this is the first destination wedding i’ve ever been to, and i must say, i really liked the idea of being in no one’s hometown. it made the wedding more of a weekend and less of a single event. i think (other than the wedding party) at most weddings, people really only come together for the wedding itself, but at this wedding, all the youngsters went to bud and alley’s every night and the guests spent time together on the day before and after the wedding on the beach. this also made the weekend a wonderful opportunity to kick start my spring tanning and to get sunburned in all those random parts of your body that you forget to put sunscreen on because they have no name: the space above my eyelids but below my eyebrows, the backs of my knees, the chubbyness between my arms and chest that forms armpit cleavage… all the usual suspects.

look how well my burn matches my dress

look how well my burn matches my dress

in other news, i am starting to think about thinking what sort of job i want next year. fredrick, do you have any ideas of jobs that i would like in charlottesville? a brief internet search yesterday turned up wonderful options like asbestos remover at UVA, fashion/swimwear/lingerie/nude model for a photographer who works out of his apartment, and pilot travel center Team Member/Restaurant Manager. so far, the best suggestion has come from jay slagle: “you could just get babysitting jobs off of craigs list until you get murdered.”

the end.

parthenon or pantheon?

•April 16, 2010 • 1 Comment


So, if you follow Justin Bieber or Lil’ Wayne on twitter, you’ve probably heard rumors that I’ve been contemplating fleeing the sunsphere’s warm rays and seeking shelter under less majestic landmarks. Naturally, I considered all the great monuments, but there were problems with all the obvious front runners:

The Titanic in Pigeon Forge: Just opened this month... want to make sure it survives the maiden voyage before I move in.

The Titanic in Pigeon Forge: Just opened this month... want to make sure it survives the maiden voyage before I move in.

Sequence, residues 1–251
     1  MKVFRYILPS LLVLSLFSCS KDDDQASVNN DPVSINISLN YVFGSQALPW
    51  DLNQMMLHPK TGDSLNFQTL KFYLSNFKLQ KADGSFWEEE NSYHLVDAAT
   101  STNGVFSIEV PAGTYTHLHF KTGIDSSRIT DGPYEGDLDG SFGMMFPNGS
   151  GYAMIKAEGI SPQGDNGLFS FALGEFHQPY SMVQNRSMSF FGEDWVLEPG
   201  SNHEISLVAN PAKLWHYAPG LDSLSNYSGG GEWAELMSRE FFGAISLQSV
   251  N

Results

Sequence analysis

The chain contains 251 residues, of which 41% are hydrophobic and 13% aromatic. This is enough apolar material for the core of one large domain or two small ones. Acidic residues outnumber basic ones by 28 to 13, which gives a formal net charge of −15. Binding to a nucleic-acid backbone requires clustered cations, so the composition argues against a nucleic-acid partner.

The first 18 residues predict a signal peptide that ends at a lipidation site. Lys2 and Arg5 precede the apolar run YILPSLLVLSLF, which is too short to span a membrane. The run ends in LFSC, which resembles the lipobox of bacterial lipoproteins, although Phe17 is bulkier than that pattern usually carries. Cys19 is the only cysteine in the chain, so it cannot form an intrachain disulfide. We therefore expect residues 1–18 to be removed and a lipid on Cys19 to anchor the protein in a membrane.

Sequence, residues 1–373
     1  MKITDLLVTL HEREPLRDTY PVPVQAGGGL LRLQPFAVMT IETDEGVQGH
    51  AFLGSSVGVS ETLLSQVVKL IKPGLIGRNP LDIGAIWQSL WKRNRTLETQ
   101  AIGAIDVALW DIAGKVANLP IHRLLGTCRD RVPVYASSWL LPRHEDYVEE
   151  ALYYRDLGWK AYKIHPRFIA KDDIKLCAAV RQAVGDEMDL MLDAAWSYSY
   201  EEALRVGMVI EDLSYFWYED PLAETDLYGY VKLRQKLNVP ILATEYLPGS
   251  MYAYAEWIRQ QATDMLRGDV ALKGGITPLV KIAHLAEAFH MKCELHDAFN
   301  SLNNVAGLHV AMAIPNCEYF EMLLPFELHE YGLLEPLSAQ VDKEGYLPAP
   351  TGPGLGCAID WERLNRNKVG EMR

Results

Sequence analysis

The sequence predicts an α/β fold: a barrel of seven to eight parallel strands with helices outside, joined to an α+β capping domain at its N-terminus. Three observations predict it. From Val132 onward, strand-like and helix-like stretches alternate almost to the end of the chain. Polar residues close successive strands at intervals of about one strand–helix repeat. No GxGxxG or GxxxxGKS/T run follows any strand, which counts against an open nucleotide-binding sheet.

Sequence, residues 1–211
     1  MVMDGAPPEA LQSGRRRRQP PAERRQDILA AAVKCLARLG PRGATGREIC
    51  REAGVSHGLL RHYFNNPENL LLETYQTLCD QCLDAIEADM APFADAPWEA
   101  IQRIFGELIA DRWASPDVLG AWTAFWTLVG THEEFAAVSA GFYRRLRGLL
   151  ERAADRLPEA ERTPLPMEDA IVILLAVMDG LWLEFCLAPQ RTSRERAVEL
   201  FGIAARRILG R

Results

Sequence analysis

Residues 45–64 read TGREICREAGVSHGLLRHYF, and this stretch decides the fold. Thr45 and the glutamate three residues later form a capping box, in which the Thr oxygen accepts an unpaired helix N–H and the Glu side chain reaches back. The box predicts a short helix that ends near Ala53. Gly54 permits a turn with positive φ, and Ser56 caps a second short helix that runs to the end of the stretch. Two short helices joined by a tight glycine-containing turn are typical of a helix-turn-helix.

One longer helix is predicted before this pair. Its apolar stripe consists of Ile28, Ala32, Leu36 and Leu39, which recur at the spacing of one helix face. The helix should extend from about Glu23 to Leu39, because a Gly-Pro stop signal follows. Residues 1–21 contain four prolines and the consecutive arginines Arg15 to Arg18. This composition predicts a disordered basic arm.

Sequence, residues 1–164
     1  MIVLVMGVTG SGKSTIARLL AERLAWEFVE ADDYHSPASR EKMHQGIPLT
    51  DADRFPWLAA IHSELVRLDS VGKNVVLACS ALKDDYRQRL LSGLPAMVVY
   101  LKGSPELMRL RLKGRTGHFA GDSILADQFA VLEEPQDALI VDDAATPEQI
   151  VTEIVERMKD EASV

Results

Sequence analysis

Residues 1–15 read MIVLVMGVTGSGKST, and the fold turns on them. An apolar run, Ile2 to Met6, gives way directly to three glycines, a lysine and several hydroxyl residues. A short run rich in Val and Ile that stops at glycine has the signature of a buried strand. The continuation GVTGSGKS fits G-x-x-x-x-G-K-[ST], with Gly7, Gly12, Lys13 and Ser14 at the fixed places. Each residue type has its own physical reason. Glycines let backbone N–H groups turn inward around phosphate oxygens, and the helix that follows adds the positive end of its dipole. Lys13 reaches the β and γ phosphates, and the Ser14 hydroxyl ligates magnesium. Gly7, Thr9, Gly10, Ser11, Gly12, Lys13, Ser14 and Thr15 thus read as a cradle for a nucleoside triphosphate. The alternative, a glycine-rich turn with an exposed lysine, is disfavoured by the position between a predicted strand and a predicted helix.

The world's largest fish, muskie, and fiberglass structure at the National Fresh Water Fishing Hall of Fame: in Wisconsin.

The world's largest fish, muskie, and fiberglass structure at the National Fresh Water Fishing Hall of Fame: in Wisconsin.

Pedro's South of the Border: The Little Africa Shop is always closed.

Pedro's South of the Border: Pedro's Little Africa Shop is always closed.

Although I found many of the monuments that dear Freddy and I saw this summer quite suitable to my needs and taste, I ruled out everything on foreign soil because Jesus was an American. Only heathens and communists would ever consider a move away from Freedom and into the EU. Thankfully, we’ve stolen and perfected everything the Europeans did first (pizza, capitalism, The Beatles, etc), so I narrowed it down to two of our favorite blocks of marble: the Parthenon and the Pantheon.

The Parthenon in Nashville

The Parthenon in Nashville

The Perfected Pantheon in Charlottesville (aka Mr. Jefferson's Rotunda)

The Perfected Pantheon in Charlottesville

Both of these structures far exceed their European counterparts. Nashville’s Parthenon has far fewer holes in the wall (much less rubbley), and Mr. Jefferson fixed all those pesky mathematical errors in the original Parthenon when he built The Rotunda at UVA.

The decision between these two cities and these two structures was intense indeed, but in the end, only one factor truly mattered. The criteria that I base all life-decisions on: which would make Amanda more jealous of me? It was clear. I should move to Charlottesville.

And so at 12:31 am this morning, I made a verbal commitment to move to Charlottesville in August of 2010.

Some will say I’m moving for love, which is partially true:

Beer vincit omnia

all you need is the love

Some will say that this decision was based on where David decided to go to law school and not the reasons stated above. Don’t believe the lies. Would Soleil Sphere lie to you? It was 100% all about the thought of texting Amanda from Mas, posting pictures of me picnicking on the lawn, and sending her bottles of local wine.

As a media partner in this event, Soleil Sphere was supposed to have the right to announce this first; however, a press release was sent out this morning from the office of Senator Jim DeMint, so we can’t claim to truly be breaking this news. I can, however, promise that I didn’t even tell my parents before now. From now on I plan on letting them read all of my life decisions on this blog rather than telling them myself. If they have anything to say to me, they can post it here:

So, Friends of Fred who I don’t know but maybe you still live in Charlottesville and happen read this… wanna be friends??????

mes amis a paris

•April 11, 2010 • 1 Comment

the reason I haven’t blogged in ages…

Lelan and I were too busy eating…

and going up the Eiffel Tower…

and then Cousin Carrie got to Paris and we bought me a little old mini cooper…

and drank coffee at least 8 times a day…

and then we became french (and i got glasses… )